Michal Stambulski (Centre for Legal Education and Social Theory, University of Wroclaw) participated in the video series on The Rise of Populism during the international conference "Constitutionalism in the Age of Populism", March 6-8, 2020. He gave a paper on The (Im)Possibility of Populist Jurisprudence. Lessons from Poland and accepted the invitation to respond to a bold question "What are the greatest challenges that populism poses to democracy?".

In this video interview Michal Stambulski suggests that there are two ways of approaching this question. Agency driven theories consider populists as “villains” plotting to destroy democracy, while for the structural perspective populism is not a threat, rather more a sign of the inefficiencies of liberal democracy. Considering the latter perspective as more “interesting”, Stambulski elaborates on two positive effects of populism in Poland. The first effect is the "revival of politics", as an increasing number of people is getting involved in public sphere discussions and politics.This is accompanied by a great mobilization against the populist government, notes Stambulski. The second effect is related to the quality of public discussion.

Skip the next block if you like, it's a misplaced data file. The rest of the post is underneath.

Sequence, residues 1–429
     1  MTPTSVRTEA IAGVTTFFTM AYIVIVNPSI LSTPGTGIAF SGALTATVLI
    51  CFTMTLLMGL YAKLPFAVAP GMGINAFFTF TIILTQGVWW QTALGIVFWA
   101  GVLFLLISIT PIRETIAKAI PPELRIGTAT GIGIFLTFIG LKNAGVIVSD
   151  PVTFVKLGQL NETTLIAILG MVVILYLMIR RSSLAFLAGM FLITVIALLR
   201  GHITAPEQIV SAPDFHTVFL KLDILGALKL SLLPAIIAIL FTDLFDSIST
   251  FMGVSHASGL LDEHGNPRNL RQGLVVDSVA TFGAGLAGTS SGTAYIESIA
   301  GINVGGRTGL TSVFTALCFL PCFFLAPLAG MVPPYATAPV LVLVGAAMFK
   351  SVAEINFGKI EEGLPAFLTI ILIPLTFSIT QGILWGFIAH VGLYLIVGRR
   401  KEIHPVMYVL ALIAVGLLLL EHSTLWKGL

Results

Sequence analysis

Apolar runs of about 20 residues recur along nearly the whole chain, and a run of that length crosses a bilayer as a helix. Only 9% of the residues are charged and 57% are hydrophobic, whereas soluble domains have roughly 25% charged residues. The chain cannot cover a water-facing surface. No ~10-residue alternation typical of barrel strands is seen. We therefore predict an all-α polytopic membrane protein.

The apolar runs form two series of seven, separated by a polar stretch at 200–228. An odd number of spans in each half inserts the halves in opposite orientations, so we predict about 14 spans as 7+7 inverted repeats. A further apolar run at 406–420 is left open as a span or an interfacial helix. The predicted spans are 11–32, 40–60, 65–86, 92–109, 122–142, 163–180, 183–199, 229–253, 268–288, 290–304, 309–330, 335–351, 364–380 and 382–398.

As a legal theorist interested in constitutionalism, Stambulski stresses the fact that thanks to populism, the constitution is not anymore “some kind of external object” that could only be interpreted by experts with technical knowledge. The crisis of the constitution that emerged with populism has resulted in an increased engagement of citizens from different political groups and lawyers, debating with each other on constitutional affairs. “So the constitution has become something more connected with our everyday political experience”, affirms Stambulski. “The fight is still on” and the outcomes are uncertain, adds the scholar. But now the citizens have realized that the constitution is something that you need to defend.


Michał Stambulski is an Executive Director at the Centre for Legal Education and Social Theory at the University of Wrocław and Associate Professor at the University of Zielona Góra. He was a visiting scholar at the Oñati International Institute for the Sociology of Law and the Faculty of Law of the New South Wales University. He is a practicing attorney.

Dr. Stambulski conducted empirical research on legal education in Central and Eastern Europe and is also involved in a grant from Polish National Science Centre concerned with the relations between legal and political constitutionalism. He published articles about constitutionalism, democracy, legal theory and education.



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